Tim (Ben Stiller) and Nick (Jack Black) are neighbors whose friendship is tested when Nick’s latest get-rich-quick scheme unexpectedly becomes successful. Tim had a chance to get in on the ground floor, but had scoffed at the idea. Now he has to deal with Nick’s ever accumulating and increasingly grandiose displays of wealth. The funniest part is watching how Nick and his wife, Natalie (the always brilliant Amy Poehler), decide to spend their millions. The movie is totally fun and 100% Ben Affleck free. Take that, Gigli.
3) The Fall (2006) It breaks my heart that this film isn’t on everyone’s top 10 list of the last decade. Music video director Tarsem spent a personal fortune to get the movie made. Because so much of it came out of his own pocket, it’s tricky to get figures for the exact budget. It suffices to say, the film lost a bundle when it barely pulled in 2,000,000 in US box office receipts.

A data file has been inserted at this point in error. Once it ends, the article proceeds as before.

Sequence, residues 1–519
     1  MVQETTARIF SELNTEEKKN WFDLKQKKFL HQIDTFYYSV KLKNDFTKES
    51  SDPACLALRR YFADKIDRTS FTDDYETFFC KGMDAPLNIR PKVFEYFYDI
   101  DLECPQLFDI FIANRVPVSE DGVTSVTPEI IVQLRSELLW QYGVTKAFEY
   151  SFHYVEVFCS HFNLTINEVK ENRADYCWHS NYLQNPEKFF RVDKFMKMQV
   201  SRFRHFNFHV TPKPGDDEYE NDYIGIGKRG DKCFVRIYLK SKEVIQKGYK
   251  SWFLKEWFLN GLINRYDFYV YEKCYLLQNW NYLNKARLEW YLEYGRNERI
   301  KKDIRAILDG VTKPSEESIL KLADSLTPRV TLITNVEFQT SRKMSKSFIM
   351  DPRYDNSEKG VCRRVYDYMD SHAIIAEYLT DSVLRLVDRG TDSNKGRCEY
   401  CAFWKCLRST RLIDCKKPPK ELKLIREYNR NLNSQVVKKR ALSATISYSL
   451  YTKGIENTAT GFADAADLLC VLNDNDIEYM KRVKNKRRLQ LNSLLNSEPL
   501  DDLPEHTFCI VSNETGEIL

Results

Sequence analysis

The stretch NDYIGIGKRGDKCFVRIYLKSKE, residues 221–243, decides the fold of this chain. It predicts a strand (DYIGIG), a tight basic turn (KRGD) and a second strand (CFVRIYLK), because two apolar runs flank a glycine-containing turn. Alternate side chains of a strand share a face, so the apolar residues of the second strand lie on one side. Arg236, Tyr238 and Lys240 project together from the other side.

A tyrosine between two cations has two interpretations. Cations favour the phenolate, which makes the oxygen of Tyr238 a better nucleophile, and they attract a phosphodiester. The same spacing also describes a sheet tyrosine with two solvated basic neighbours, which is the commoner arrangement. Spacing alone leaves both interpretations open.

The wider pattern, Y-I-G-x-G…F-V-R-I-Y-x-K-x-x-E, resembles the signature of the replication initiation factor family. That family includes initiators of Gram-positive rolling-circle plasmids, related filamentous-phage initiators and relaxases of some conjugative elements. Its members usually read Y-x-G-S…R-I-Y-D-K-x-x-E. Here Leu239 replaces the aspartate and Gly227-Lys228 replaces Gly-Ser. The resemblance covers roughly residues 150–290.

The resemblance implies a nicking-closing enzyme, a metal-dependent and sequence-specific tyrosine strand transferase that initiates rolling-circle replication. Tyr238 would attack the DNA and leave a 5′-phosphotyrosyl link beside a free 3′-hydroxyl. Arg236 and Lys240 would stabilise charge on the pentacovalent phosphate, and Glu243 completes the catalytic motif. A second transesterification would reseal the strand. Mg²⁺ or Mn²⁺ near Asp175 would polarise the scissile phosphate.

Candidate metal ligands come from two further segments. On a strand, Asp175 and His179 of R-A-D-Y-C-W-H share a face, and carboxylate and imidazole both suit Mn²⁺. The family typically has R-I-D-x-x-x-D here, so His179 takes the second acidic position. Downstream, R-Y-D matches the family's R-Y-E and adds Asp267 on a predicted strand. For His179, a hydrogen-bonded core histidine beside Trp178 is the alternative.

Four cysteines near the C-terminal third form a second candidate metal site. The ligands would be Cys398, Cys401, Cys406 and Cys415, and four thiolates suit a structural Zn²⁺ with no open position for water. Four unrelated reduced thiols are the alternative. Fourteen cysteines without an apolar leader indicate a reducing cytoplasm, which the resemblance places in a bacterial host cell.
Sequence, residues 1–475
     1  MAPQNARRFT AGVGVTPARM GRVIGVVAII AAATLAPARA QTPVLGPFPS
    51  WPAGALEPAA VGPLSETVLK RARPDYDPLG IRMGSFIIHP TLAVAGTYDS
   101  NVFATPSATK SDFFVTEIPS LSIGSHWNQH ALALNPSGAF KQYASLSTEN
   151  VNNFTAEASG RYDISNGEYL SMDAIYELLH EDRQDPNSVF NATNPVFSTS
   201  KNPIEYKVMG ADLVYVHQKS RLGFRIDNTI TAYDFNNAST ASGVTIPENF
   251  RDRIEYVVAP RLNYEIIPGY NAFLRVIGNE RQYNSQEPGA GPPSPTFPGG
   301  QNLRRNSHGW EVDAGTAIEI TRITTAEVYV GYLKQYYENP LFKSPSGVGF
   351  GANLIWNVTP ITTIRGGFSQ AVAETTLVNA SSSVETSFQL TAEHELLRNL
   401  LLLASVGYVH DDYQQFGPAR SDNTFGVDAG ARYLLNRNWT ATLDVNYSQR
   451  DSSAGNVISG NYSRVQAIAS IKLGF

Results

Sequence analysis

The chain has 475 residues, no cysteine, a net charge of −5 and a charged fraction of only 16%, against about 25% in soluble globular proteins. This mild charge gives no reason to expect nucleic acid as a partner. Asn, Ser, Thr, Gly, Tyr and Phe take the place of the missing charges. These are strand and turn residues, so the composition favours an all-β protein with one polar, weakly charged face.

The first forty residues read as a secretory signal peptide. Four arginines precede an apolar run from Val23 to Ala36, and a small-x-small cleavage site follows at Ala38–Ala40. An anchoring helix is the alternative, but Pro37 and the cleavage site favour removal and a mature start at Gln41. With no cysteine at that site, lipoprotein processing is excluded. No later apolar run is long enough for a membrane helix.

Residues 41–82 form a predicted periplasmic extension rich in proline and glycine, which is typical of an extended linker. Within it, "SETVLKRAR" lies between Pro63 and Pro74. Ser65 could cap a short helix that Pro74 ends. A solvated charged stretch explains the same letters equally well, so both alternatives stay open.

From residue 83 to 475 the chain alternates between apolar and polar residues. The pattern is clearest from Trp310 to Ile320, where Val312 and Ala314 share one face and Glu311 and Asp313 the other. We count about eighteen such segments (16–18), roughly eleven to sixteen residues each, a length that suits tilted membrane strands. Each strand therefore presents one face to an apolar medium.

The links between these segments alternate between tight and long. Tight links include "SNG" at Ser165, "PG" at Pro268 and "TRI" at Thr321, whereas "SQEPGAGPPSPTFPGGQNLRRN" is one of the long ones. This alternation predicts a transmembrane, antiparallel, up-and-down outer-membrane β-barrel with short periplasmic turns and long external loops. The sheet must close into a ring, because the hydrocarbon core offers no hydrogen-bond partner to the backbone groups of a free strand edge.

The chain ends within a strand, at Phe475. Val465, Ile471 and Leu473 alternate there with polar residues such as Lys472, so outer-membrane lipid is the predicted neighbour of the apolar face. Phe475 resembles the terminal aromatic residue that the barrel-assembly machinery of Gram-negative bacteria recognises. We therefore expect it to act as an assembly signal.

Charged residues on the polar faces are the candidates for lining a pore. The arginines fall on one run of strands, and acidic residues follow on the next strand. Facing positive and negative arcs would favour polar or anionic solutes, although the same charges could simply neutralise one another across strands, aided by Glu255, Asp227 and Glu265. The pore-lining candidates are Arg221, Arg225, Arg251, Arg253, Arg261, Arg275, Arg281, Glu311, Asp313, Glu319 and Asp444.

Filmed in 18 different countries, The Fall is a sweeping, gorgeous, epic film that is anchored by a very sweet and simple story. Outside of early 20th Century Los Angeles, an injured stuntman (Lee Pace) befriends a little girl in a hospital. In an effort to coerce her into sneaking him morphine, he begins to tell her a story which blends his own biography and the people they know with larger than life characters and exotic locales. I don’t want to say much more, but the film is so artfully crafted that I’m blown away every time I see it. It is often referenced alongside Cinema Paradiso for its emphasis on storytelling but, quite frankly, I think this is a superior film. And that says something.